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Firms randomly picked for lobbying compensation audits

in Statewide/Top Headlines by

Even as some lawmakers have questioned its necessity, legislative and executive branch lobbying firms were again randomly selected Wednesday for audits of their compensation reports.

The firms picked for legislative lobbying audits are:

— Buchanan Ingersoll & Rooney

— Buigas & Associates

— David R. Custin & Associates

— Ericks Consultants

— Hopping Green & Sams

— Lewis Longman & Walker

— Lisa Aaron Consulting

— Luis E. Rojas

— McGee & Mason

— Redfish Consulting

— Ronald R. Richmond

— Shumaker Loop & Kendrick

— Smith & Smith

— The Labrador Co.

The alternates are:

— Barlow Consulting

— Butler Weihmuller Katz Craig

— Capitol Hill Group

— Damon Smith Consulting

— Dixie Sansom Consulting

— Littlejohn Mann & Associates

— Pruitt & Associates

— Quintairos Prieto Wood & Boyer

— R. Dale Patchett Managemen

— Shutts & Bowen

— Southern Campaign Resources

— Strategos Public Affairs

— Sunrise Consulting Group

— Uhlfelder and Associates

The firms picked for executive-branch lobbying audits are:

— Andrew J. Liles

— Calhoun Management & Consulting

— Capitol Insight

— Carr Allison

— Champion Consultants

— Janet Llewellyn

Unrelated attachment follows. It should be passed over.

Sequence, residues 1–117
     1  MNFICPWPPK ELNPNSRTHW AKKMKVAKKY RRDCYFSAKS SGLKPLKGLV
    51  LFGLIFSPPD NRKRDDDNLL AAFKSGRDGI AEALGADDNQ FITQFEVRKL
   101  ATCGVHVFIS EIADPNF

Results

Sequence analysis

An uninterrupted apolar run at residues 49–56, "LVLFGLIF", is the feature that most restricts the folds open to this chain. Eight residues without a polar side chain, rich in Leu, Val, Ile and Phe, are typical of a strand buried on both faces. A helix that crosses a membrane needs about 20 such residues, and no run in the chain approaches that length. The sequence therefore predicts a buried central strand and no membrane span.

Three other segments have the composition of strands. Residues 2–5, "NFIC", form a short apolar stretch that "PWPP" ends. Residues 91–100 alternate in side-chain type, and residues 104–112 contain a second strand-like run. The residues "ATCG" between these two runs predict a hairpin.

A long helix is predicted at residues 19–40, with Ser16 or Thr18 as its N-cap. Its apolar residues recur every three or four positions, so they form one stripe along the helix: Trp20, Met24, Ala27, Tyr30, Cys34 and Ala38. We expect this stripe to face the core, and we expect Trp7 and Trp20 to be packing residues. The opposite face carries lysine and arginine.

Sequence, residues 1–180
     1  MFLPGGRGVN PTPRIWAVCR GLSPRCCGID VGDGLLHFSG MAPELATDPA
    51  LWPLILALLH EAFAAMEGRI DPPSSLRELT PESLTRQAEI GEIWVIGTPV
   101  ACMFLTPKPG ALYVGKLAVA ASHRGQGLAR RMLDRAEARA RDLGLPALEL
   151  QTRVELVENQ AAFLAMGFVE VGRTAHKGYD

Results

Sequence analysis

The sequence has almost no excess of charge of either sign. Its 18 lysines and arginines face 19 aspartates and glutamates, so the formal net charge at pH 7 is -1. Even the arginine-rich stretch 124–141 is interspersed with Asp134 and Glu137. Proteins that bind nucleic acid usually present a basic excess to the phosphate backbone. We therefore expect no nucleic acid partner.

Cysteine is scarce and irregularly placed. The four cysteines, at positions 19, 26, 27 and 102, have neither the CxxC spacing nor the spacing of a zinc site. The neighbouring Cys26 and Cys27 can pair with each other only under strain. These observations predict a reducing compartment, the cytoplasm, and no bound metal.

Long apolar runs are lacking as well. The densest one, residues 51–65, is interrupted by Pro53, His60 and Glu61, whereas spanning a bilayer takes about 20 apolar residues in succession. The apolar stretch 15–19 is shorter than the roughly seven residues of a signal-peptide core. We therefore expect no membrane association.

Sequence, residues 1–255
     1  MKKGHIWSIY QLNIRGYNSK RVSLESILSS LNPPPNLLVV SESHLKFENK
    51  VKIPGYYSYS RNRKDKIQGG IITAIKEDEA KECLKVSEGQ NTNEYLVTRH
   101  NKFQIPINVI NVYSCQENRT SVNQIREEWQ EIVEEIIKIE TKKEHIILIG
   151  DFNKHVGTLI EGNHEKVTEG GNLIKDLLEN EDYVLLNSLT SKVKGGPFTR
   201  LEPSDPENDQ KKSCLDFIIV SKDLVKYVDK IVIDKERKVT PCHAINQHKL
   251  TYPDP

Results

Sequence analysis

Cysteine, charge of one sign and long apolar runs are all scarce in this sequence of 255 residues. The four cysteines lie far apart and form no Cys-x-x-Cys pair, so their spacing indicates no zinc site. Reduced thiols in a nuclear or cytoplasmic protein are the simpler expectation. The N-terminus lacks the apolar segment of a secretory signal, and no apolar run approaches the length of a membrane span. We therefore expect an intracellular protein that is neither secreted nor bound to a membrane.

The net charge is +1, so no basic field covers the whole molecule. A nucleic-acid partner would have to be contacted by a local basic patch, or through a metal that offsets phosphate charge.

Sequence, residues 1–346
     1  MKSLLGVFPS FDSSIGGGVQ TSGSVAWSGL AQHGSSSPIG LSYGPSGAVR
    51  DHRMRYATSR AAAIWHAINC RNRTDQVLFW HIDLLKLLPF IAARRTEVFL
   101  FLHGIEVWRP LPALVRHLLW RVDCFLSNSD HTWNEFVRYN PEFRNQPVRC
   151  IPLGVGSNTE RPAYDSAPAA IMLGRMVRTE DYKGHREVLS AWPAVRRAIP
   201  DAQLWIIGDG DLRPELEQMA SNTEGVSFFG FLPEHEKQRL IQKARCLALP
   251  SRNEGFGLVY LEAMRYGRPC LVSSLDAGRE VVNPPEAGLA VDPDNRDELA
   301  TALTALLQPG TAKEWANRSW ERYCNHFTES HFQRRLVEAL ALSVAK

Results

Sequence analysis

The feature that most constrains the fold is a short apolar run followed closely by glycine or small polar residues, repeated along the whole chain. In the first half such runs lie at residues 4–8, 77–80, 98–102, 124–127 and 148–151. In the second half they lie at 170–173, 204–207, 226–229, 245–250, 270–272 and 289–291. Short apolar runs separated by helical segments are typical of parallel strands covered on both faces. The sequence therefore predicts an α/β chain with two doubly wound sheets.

— Lester Abberger

— Lindstrom Consulting

— Pruitt & Associates

— T.B. Consultants

— TC Wolfe

— Wilson & Associates

The alternates are:

— Capitol Energy Florida

— Foley & Lardner

— Horton & Associates

— Impact GR

— Jordan Connors Group

— Law Office of Cynthia G. Angelos

— Cusick and Associates

— Punyko Associates

— R. Bruce Kershner Co.

— Rachael Ondrus

— Richard S. Kip

— The Peeples Group

The last round of audits, required under a 2005 state law and released in September 2015, found discrepancies big and small after staff randomly picked 26 lobbying firms to be audited.

Auditors discovered a number of firms either underreporting or overreporting the money they made in 2014. In another case, auditors couldn’t tell who had paid a particular bill.

But generally, lobbying firms were annoyed at having to undergo auditing and lawmakers were underwhelmed.

“I don’t understand how the public’s interest is advanced by this exercise,” said state Sen. Rob Bradley, a Fleming Island Republican who formerly sat on the Joint Legislative Auditing Committee.

“I just don’t see how this information is relevant” other than being a “marketing tool for big lobbying firms,” Bradley said in late 2015.

Legislation was actually filed for the 2016 Legislative Session that would have repealed the audit requirement, but it died in both chambers.

The latest audits are scheduled to begin May.

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Before joining Florida Politics, journalist and attorney James Rosica was state government reporter for The Tampa Tribune. He attended journalism school in Washington, D.C., working at dailies and weekly papers in Philadelphia after graduation. Rosica joined the Tallahassee Democrat in 1997, later moving to the courts beat, where he reported on the 2000 presidential recount. In 2005, Rosica left journalism to attend law school in Philadelphia, afterwards working part time for a public-interest law firm. Returning to writing, he covered three legislative sessions in Tallahassee for The Associated Press, before joining the Tribune’s re-opened Tallahassee bureau in 2013. He can be reached at jim@floridapolitics.com.

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